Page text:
After enduring hurricane-force winds on Friday Moray’s coastal communities were spared a predicted flood deluge by a change in wind direction.
SEPA issued a flood warning for villages and towns facing the Moray Firth with an exceptionally high tide hours after the major storm that caused chaos to travel throughout the region.
However, while driving along some coastal routes proved difficult around Friday’s 3pm high tide there was no major flooding – although warnings remained in force overnight and into the weekend.
While there was some flooding at Kingston and Garmouth it was not as serious as had been feared – but SEPA was making it clear that communities had to remain vigilant, a spokesman saying: “The very unsettled weather and strong winds over the weekend and into the early part of next week could cause some large waves and a tidal surge along the Moray coast.”
The spokesman added that the public should remain vigilant, saying that it was their responsibility to take action that would protect themselves and their property.
While almost all schools in the Highlands were closed in the face of the storm that blocked roads and brought railway services to a standstill, only four primary schools in Moray turned away pupils on Friday.
Extra staff and resources had been deployed by councils, network rail and power companies ahead of the storm that had been predicted throughout the week. The aftermath of the storm is still expected to cause problems into the weekend with Transport Minister Derek Mackay saying: “The public should continue to stay aware while weather warnings are in place.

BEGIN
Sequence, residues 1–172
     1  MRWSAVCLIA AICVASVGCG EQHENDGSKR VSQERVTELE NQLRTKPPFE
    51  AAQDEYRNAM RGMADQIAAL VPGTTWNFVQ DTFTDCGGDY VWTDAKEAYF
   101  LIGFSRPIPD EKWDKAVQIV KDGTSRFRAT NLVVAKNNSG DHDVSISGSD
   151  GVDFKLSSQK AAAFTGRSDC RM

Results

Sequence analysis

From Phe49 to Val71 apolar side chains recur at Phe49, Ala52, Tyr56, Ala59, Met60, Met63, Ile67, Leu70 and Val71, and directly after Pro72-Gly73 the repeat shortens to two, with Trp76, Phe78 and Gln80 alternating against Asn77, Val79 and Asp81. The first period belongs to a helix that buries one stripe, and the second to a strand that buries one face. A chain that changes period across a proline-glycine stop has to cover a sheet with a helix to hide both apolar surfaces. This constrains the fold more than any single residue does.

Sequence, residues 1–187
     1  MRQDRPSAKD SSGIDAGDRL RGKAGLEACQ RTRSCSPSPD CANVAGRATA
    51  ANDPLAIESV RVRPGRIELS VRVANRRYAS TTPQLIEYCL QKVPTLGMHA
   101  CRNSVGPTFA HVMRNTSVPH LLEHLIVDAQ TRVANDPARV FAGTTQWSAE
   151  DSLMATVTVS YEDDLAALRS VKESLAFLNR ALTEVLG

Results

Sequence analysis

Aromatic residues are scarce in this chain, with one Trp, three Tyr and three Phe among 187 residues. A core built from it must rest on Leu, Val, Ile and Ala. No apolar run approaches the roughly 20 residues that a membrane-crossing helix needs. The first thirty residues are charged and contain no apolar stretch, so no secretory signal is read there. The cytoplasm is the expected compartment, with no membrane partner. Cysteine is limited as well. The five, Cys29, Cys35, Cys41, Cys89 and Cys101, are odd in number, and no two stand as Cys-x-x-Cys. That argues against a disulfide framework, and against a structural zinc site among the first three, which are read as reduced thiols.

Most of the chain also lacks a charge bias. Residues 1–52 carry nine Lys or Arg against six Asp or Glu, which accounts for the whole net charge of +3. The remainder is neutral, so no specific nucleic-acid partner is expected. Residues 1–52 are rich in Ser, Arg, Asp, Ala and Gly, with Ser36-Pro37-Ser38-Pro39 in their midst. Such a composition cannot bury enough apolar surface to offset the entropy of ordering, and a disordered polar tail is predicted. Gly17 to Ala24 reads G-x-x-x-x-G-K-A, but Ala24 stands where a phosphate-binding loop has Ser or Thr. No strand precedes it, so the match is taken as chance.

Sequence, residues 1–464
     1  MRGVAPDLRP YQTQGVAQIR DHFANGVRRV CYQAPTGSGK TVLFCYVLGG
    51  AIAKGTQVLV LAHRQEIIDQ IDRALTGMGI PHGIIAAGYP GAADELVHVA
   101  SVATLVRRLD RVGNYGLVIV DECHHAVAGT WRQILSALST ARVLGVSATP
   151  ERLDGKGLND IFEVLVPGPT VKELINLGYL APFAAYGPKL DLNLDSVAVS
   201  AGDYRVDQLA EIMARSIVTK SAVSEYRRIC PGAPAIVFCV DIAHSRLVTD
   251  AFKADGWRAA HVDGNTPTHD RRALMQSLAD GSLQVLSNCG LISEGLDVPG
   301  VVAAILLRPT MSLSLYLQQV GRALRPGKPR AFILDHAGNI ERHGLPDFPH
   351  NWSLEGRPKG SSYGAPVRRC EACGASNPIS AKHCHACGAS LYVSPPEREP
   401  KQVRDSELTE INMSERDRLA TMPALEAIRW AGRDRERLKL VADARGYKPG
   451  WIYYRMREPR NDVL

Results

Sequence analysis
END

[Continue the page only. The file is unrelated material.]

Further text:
“They should travel with caution and check the information sources to ensure that people are fully aware of what’s operational and give extra time to transport arrangements – particularly if people are driving.
“We will do everything we can to get people moving again.”
This morning Scotrail were reporting that cancellation of services between Aberdeen and Inverness would continue today through until midnight.
Weather warnings remain in effect for Moray, with the Met Office saying: “Another very vigorous depression is likely to run quickly eastwards, passing to the north of Scotland on Saturday.”
Yellow alerts are in place for wind, snow and ice for Saturday and Sunday.
The weather will not, however, halt the traditional new year ‘Burning of the Clavie’ in Burghead today, with organisers insisting that it will go ahead as planned. A spokesman said that the weather predications for the day did not look too good – but it would not be allowed to disrupt their plans.